Home >Opinion >Columns >Data abundance is not a must for artificial intelligence

A hundred and thirty-eight years ago, almost to the day, Thomas Alva Edison switched on his coal-fired power plant at his Pearl Street station in lower Manhattan and provided commercial electricity for the first time in history to 59 homes within a square-mile area of his power plant. Many see this event as the birth of the modern era, as it marks the origin of our dependence on electricity to the extent that it is integral to almost everything we take for granted today.

But the kind of power generation that Edison pioneered on that September day in 1882 put us on a trajectory that has had unfortunate outcomes. He kicked into overdrive our reliance on fossil fuels for energy, allowing it to permeate all aspects of our lives—from the electricity we need to power our homes, offices and factories, to the petroleum we need to run our cars, ships and planes. This forced us down a path of high-energy consumption that has resulted in the rapid depletion of naturally occurring carbon-based fuel sources and inflicted near-irreversible damage on our planet.

Edison’s choice of coal as the fuel source for his power plant should not be taken as indicative of his support for fossil fuels as a source of energy. At least in the context of transportation, he believed that automobiles should run on electricity—not petrol—and even built a vehicle powered by alkaline batteries of his own invention.

But despite the fact that the battery technology he had developed went on to power electric trucks, railroad signals and even a submarine, it took so long for him to perfect the design of his electric car that it went on sale a full year after his good friend Henry Ford introduced the world to his low-priced, high-mileage Model T car. As a result, it is the internal combustion engine that powers the world today, and, instead of using renewable energy for our needs, we are stuck with our gas-guzzling lifestyles.

I cannot help but think how different things might have been had Edison beaten Ford to the market.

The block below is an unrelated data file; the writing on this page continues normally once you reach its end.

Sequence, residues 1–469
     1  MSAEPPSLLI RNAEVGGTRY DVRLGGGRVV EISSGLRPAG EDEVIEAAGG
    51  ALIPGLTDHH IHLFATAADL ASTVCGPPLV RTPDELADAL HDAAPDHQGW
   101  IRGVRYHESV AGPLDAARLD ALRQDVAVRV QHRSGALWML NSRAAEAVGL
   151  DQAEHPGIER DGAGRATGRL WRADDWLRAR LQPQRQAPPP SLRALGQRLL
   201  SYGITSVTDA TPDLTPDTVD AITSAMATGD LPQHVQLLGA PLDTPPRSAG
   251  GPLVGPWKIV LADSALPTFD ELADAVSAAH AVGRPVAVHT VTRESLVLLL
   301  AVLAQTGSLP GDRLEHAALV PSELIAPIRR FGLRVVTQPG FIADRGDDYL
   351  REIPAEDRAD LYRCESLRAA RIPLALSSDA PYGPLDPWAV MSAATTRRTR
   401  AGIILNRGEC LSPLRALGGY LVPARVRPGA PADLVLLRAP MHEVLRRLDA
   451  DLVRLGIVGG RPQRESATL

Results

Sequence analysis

We find ourselves at a similar crossroads with artificial intelligence (AI) today. The dominant techniques that have delivered advances as miraculous as facial recognition, voice recognition and natural language processing, are voracious in their use of data. They depend on massive training datasets that comprise millions of individual elements of structured data to identify patterns not immediately evident to human senses.

As a result, leadership in artificial intelligence today is widely associated with an access to large volumes of structured information of the kind that is presently under the control of only the largest technology companies in the US and China. This has resulted in an arms race for the control of data, with countries around the world exerting their authority over the data of their citizens, regardless of where or under whose control it might be. The European Court recently tightened the grip of Europe’s data protection regulations over data that is transferred off its shores, while India has insisted that all sensitive personal data be localized and established a committee to look into how non-personal data might be harnessed to allow a better accrual of its value to the nation.

But the fact that these dominant machine learning models are incapable of accuracy unless they have sampled large volumes of data is a sign of their basic inefficiency. Even a child can identify objects seen just once before. We do not need to have trawled through vast libraries of bird pictures to know one when it flies by. What’s more, because our minds are capable of synthesizing and learning new object classes based on our existing information of different, previously-learned classes, we can identify an object as a bird even if we have never seen that particular avian species before.

What we need today are machine learning techniques that can achieve a higher level of sample efficiency and transferability than was previously possible. If we can do that, we will be able to shake ourselves free of our dependence on the data-guzzling models of artificial intelligence that we are currently wedded to.

Few-shot learning describes the exciting new techniques that allow models to be trained on small datasets. At present, it is largely being applied in the sub-fields of image classification, retrieval and segmentation, but is likely to have broader application in the areas of natural language processing, drug discovery and other such. While still in its infancy, it is clear that this is the direction in which artificial intelligence is headed.

That being the case, is there an argument to be made for us to completely rethink our current approach to data? If it is no longer necessary for us to amass vast stores of structured data to assume leadership in artificial intelligence, would we not be better-off focusing our energies on encouraging the use of these new and more efficient methods of computer learning?

Edison knew that electric transportation was the way to go and gave us a prototype electric vehicle well before internal combustion engines were even a thing. Had we chosen the electric option for cars, we could possibly have avoided the gas-guzzling century that followed.

We have to make a similar choice today: between the ravenous, data-guzzling models that are behind the AI models we know, and the few-shot learning models that are just about coming into their own. This time, I hope we will choose wisely.

Rahul Matthan is a partner at Trilegal and also has a podcast by the name Ex Machina. His Twitter handle is @matthan

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